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Clin Exp Reprod Med > Volume 50(1); 2023 > Article
Bulbul, Tekce, Annac, Korkmaz, Onderci, Korkmaz, and Demirci: Identification of royal jelly as a potential new drug to protect the ovarian reserve and uterus against cyclophosphamide in rats

Abstract

Objective

The aim of this study was to investigate the effect of royal jelly (RJ), a powerful natural antioxidant, on cyclophosphamide-induced ovarian damage.

Methods

Thirty-two Wistar albino rats were divided into four groups. Oral treatment was administered to all rats for 16 days after a single intraperitoneal injection. The control group received intraperitoneal and oral saline; the RJ group received intraperitoneal saline and 100 mg/kg/day oral RJ; the cyclophosphamide group received intraperitoneal 100 mg/kg cyclophosphamide and oral saline; and the treatment group received intraperitoneal 100 mg/kg cyclophosphamide and 100 mg/kg/day oral RJ. The groups were compared in terms of ovarian reserve tests and histopathological changes in the ovary and uterus.

Results

All follicle counts were higher in the treatment group than in the cyclophosphamide group. The increase in the number of preantral follicles (p=0.001) and the decrease in the number of atretic follicles (p=0.004) were statistically significant. RJ treatment significantly improved follicular degeneration and cortical fibrosis in the ovary and epithelial and gland degeneration in the uterus due to cyclophosphamide toxicity.

Conclusion

According to these results, RJ reduces cyclophosphamide-related ovarian and endometrial damage in rats. For this reason, it should be further investigated to determine its effects on reproductive function.

Introduction

Premature ovarian failure (POF) is defined as a decrease in ovarian folliculogenesis and steroidogenesis before the age of 40. Its etiology is often unclear, and in most cases, the cause is idiopathic. However, chemotherapy for any reason in reproductive age may cause iatrogenic POF by inducing granulosa cell apoptosis and follicular atresia, such as in cyclophosphamide (CP) treatment [1]. Due to the recent increase in cancer cases and the successful use of chemotherapy regimens, the incidence of POF related to chemotherapy is increasing [2]. For this reason, preserving fertility is important for women who desire to have children in the future and are scheduled for chemotherapy. Currently, there is no proven treatment for this purpose other than the cryopreservation of ovarian tissue, ova, or embryos [3]. Therefore, new studies are needed to find options to prevent POF caused by chemotherapy or to restore ovarian function in these women [2].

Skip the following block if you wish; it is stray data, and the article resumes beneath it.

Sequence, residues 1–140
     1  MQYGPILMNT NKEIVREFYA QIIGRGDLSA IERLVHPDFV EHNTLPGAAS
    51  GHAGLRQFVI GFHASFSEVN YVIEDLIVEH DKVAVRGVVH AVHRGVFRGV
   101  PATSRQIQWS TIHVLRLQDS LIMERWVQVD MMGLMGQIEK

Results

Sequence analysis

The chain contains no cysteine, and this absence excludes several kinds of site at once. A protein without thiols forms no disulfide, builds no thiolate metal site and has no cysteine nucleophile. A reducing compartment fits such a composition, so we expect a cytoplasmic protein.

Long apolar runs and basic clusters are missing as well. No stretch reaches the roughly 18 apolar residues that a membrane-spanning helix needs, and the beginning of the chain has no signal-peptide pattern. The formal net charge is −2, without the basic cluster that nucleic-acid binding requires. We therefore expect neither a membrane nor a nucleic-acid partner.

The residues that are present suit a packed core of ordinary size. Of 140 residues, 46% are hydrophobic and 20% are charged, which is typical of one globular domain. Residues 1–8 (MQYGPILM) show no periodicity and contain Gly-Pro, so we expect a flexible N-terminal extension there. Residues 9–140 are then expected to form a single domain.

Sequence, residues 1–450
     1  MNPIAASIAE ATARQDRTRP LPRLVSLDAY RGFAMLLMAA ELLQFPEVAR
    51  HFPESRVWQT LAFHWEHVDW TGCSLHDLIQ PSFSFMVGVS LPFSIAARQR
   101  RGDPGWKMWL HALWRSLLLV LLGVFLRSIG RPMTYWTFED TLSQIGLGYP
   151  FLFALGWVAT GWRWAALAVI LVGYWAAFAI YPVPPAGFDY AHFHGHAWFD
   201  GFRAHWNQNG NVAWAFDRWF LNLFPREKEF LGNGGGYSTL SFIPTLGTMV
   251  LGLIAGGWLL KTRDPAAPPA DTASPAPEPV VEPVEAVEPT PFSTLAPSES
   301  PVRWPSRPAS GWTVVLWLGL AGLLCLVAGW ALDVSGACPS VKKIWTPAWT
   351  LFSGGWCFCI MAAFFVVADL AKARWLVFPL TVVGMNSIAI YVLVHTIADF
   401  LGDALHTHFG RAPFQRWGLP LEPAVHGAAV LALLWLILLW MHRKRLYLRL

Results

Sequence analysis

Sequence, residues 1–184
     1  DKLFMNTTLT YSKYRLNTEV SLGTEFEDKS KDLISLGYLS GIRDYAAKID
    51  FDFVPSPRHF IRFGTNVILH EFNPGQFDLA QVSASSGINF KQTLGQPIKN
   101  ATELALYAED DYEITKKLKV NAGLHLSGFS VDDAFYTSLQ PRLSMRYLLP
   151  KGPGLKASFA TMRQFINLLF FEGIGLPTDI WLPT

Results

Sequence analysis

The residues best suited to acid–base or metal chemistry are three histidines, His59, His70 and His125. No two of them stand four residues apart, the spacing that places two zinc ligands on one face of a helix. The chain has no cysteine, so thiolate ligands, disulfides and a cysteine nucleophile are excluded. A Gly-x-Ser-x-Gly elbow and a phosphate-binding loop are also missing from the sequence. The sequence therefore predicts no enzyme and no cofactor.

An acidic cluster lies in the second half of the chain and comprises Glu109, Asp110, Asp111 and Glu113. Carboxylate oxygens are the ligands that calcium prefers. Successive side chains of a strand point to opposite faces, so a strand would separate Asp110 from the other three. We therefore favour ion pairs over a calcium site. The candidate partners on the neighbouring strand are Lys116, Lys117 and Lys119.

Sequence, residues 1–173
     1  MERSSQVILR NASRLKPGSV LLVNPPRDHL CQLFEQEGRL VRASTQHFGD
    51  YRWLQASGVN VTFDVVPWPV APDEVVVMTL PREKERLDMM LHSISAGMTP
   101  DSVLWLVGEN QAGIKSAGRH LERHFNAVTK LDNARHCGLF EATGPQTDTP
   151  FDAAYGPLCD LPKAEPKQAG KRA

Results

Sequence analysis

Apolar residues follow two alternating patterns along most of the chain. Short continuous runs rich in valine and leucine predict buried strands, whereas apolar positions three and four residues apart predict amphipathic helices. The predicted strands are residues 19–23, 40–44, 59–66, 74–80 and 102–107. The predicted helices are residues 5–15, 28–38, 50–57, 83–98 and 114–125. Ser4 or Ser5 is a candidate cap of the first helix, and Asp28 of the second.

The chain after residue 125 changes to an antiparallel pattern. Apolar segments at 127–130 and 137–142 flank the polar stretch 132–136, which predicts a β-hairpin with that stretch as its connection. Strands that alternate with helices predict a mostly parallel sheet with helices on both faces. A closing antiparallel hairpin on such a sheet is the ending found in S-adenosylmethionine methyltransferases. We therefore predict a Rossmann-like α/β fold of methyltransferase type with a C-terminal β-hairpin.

Royal jelly (RJ) is a natural superfood secreted from the hypopharynx and mandibular glands of worker bees [4,5]. In a bee swarm, except for the first 3 days, only the queen bee is fed RJ during its lifetime [6,7]. Unlike the sterile worker bees with the same genetic makeup, the spawn of the queen bee depends on it being fed with RJ. In addition, when there is no queen bee in a colony, one of the worker bees consumes RJ and turns into a “false queen,” regaining its ovulatory functions [8]. Therefore, RJ appears to be very important for ovulatory function.
RJ has been shown to protect some tissues, such as kidney [9] and bone marrow [10], against the harmful effects of CP. For this purpose, we conducted this experimental study to investigate whether RJ, which has not been tried in iatrogenic POF before, protects the ovarian reserve and uterus against the harmful effects of CP.

Methods

This study was initiated after approval was obtained from the Adiyaman University Animal Experiments Local Ethics Committee (2019/040). A total of 32 healthy Wistar albino female rats (24 weeks, 250 to 300 g) were used. All animals were reared under ideal laboratory conditions (12-hour dark/light cycle, 23°C±1°C, free access to water and food, plastic and metal cages designed for rats, four rats per cage). All procedures related to rats were carried out in humanitarian conditions and in accordance with ethical rules.

1. Source of RJ

The RJ used in this study was obtained from bee colonies in Kayapinar (37.91337, 40.08412, Diyarbakir, Turkey). In accordance with the cold chain rule, RJ was processed in the Beyçer beekeeping factory (06 980, Kahramankazan, Ankara, Turkey). After analysis (10-hydroxy-2-decenoic acid, 4.05%, pH 3.80, water 71%) by an authorized official institution (Chemistry Laboratory, Karadeniz Technical University), it was given orally to the rats after being stored again in accordance with the cold chain rules.

2. Experimental design

The rats were randomized into four groups by a laboratory staff member who was blinded to the content of the study. Each group was made up of eight rats. In the beginning, a vaginal smear was applied to rats, and those in diestrus were chosen for the experiment. The groups were formed as follows: for the control group, one intraperitoneal saline injection, and after 2 days, oral saline was given for 16 days. For the RJ group, 2 days after intraperitoneal saline administration, 100 mg/kg/day RJ was given orally for 16 days. For the CP group, a single intraperitoneal dose of 100 mg/kg CP was administered, and after 2 days, oral saline was given for 16 days. For the treatment group, a single intraperitoneal dose of 100 mg/kg CP was administered, and after 2 days, 100 mg/kg/day RJ was given orally for 16 days. The 16-day drug administration regimen was given once a day to all rats as oral gavage at a total volume of 1.5 cc. Oral treatment was started 2 days after the intraperitoneal CP injection to determine chemotherapy-related deaths.